Apple surely learned a lot in that exercise, first of which I believe was that a device that promised any Apple experience needed to be a full Apple experience. The backstory is now the stuff of legend, but with partner AT&T (not Apple’s first choice, but one lucky/wise enough to go along with Apple’s approach), found an ally willing to cede control of the device experience in exchange for temporal exclusivity of the device. I contend that this act, right here, putting Apple design first over everything else is what founded the basis of Apple’s success with the iPhone, and why both of the theses above are wrong.

Take a look at this image:

How Apple’s cycle progresses:

  1. Apple delivers what customers want (in 2007, a phone designed for consumers by Apple, not by and for the telco)
  2. Customers (with, generally, higher than average discretionary income) pay a premium for devices
  3. App vendors arrive
  4. Customers pay a premium for apps
  5. App vendors thrive (process repeats as Apple expands the capabilities of iOS annually or faster)

Step 1 for Apple was delivering the first iPhone. Remember, this phone had NO 3rd party apps at launch. It had the ability to pin web pages to the home screen, and these could be designed to be “application-ish”. No dev ecosystem or tools, no App Store, no sales revenue. Oh, and it also had a very premium price of $599, and was locked to AT&T’s network.

But it had a touch-driven user interface, accelerometers, a very usable web browser, powerful email client, a camera, iTunes media integration and an Apple fit and finish to the device and software that recalled what Mac fans were used to.

That’s where we were in 2007. People paid through the nose to get a phone that put some aspect of design in front of telco business requirements.

Those initial customers and a crazy, excited jailbreaking community who pushed the bounds of the platform further and further (and still do) encouraged Apple to reconsider their “App story”, and later open the App Store. Tons of vendors arrived. Lots probably failed, a few probably succeeded, and a handful exploded to incredible success. Remember, these are games and apps for $.99-$9.99-ish. I don’t care who you are. If you paid the reduced $399 price for the first gen iPhone or slightly less for the 3G and 3GS when they came out, even $9.99 isn’t going to break the bank for an amazing game or app. In an era when a console game sold for 5 times that – and that was high-end apps. Few sell for more than that… App vendors grew, took chances on new apps that pushed what the platform could do, and they made money for it. Apple took this success and refined each successive version of the iPhone, which has not dropped in price (for the current top-end phone) since the 3GS. Combine this with the reasonably stable dev ecosystem (strong dev tools, a relatively consistent set of devices to support) and it creates a strong market, and a happy place for ISV’s to try and make money from paid apps for iOS.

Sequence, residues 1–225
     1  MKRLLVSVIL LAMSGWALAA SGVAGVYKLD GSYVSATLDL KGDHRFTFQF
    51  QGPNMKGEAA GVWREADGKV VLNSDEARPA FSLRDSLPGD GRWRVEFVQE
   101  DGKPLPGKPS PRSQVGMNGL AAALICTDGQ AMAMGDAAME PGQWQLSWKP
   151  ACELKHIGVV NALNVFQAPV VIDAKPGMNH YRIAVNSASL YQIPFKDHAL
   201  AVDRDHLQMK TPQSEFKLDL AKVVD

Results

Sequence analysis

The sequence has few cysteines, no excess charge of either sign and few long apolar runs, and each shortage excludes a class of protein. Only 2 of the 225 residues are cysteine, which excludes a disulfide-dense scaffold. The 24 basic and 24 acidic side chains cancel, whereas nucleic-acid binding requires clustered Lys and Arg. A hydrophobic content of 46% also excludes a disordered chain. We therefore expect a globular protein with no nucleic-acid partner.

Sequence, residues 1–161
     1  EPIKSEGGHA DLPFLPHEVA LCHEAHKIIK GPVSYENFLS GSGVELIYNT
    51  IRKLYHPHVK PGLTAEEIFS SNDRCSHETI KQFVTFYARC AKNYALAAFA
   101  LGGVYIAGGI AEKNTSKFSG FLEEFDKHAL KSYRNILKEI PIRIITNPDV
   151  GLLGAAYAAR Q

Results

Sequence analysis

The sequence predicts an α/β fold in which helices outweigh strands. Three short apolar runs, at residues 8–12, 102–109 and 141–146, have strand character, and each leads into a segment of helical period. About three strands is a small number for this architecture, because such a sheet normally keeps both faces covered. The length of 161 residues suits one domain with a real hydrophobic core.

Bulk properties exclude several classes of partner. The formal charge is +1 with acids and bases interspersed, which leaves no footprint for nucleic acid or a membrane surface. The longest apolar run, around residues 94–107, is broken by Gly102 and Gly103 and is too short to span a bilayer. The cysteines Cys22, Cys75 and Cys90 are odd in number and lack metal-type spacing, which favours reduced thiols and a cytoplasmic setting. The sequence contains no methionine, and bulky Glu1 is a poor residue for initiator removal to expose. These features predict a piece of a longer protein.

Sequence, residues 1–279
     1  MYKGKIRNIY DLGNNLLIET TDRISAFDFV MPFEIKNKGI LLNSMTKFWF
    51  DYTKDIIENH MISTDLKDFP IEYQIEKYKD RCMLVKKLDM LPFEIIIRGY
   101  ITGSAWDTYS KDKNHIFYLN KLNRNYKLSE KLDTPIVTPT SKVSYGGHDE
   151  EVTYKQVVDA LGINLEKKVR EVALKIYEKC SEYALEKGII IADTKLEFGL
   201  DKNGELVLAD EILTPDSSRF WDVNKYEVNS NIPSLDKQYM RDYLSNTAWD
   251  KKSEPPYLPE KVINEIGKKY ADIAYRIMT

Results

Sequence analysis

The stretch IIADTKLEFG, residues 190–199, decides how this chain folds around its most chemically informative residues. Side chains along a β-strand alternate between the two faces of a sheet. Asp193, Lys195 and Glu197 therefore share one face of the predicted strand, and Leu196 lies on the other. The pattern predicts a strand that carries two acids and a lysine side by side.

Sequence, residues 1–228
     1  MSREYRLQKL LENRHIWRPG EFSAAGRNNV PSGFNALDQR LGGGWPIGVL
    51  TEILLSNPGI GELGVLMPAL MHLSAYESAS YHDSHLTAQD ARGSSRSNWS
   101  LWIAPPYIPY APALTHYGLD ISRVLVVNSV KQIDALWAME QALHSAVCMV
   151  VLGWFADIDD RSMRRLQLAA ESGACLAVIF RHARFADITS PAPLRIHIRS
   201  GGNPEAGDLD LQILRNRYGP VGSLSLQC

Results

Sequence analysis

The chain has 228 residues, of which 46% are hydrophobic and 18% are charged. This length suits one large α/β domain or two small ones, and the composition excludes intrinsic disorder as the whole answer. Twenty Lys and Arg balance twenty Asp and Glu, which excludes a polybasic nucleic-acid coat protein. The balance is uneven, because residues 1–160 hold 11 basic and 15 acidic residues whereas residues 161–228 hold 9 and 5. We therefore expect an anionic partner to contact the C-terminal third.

iPhone customers pay a premium for their phones – and I contend, that same ethos passes through to the iTunes store. Apple customers buy far more content and apps than Android. So while it’s well and good that Fred sees a glut of Android devices, I don’t see that as a good thing – at least not for Android. And unlike the WSJ reporter, I don’t see it doing anything to the iPhone’s price, either. The iPhone’s content attach rate, the spend per consumer per phone is what created, and continues to rapidly grow, the Apple app ecosystem, Apple’s marketshare, and Apple’s revenue figures. Why does Apple give away iOS, and effectively give away OS X Lion? Because Apple doesn’t make money in operating systems anymore. They’re a content company. Usable hardware and a usable OS are a wormhole into the content portal (and the sale of their own apps) where Apple makes more and more of their revenue. In gaming consoles, where you lose considerable money upfront, the key is attach rate. Apple has made mobile phones no different, except they aren’t hemorrhaging money to establish and continue to grow their market share. Through increased spend, prototypical Apple consumers continue the virtuous cycle of market expansion. The question is whether Apple can sustain that enough as the market expands beyond prototypical/legacy “Apple” consumers to consumers who may be more thrifty.

Let’s take a look at Android now.

How Google’s cycle progresses:

  1. Google delivers what telcos want (a free operating system. Actually, Google pays the telco)
  2. Telcos lock down/fork devices, flood market (craplets on the desktop, custom shells, locked firmware, no updates)
  3. Bottom drops out of Android handset market (due to oversupply)
  4. Budget-sensitive/feature phone buyers buy Android (when your customers love you for your free email, it may also be an indicator of their willingness to spend actual money)